Fortunately, though it was a sad shock to be leaving Florida and moving to Southern California in early August of 2003, I didn't miss the start of the 5th season of "The West Wing." This was a major season, at least when it aired, because Aaron Sorkin had been fired and chief director Thomas Schlamme had left with him. How would the show fare now without its main big brain in charge? Would any other writer be able to write dialogue that would at least sound as smart and informative as Sorkin's?
The first episode of the 5th season, "7A WF 83429" was dramatic enough that there wasn't much time to think about that, save for the immediate changes, such as whipsaw camerawork that was merely "ER" producer John Wells' way of establishing his full command of the show, which was not to the benefit of devoted fans of "The West Wing," like me. In the second episode, which saw President Bartlet (not president at the time) and his wife Abigail on what looked like a set out of Star Wars, even though it was in the White House residence. The lighting made it seem like it was.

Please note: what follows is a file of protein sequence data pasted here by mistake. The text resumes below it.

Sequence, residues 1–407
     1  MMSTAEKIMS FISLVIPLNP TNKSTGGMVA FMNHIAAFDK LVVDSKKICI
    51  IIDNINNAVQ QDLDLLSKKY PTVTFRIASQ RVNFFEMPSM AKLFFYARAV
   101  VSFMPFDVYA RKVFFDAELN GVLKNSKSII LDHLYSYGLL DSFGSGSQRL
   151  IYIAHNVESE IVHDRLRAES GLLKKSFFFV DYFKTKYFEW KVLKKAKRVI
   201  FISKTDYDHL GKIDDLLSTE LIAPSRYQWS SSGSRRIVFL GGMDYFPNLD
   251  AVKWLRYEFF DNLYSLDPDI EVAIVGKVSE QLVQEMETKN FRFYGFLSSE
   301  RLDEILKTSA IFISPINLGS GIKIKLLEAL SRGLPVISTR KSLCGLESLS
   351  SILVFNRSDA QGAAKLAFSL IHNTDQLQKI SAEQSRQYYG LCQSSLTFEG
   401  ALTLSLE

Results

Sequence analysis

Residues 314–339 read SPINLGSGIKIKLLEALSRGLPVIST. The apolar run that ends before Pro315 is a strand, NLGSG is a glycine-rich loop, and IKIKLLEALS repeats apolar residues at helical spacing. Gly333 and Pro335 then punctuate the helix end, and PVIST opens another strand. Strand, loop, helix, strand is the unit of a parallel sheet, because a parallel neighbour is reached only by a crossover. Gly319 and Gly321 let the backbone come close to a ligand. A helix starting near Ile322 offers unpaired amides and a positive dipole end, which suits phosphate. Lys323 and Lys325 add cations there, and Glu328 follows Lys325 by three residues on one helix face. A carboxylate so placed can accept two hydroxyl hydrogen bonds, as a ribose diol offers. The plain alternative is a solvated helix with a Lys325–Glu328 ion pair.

This was all terribly wrong. The characters didn't speak at all like they did, but mouthed whatever the writers had to bitch about when it came to world affairs. Sorkin never fashioned it that way. He had things to say about the world, but always made sure that it sounded right coming from whatever character he was writing, seeing that it hewed to their individual personalities. I couldn't believe I was hearing Chief of Staff Leo McGarry so roughly cynical, or Toby so angry at....nothing. Nothing that could possibly matter to the fabric of his personality.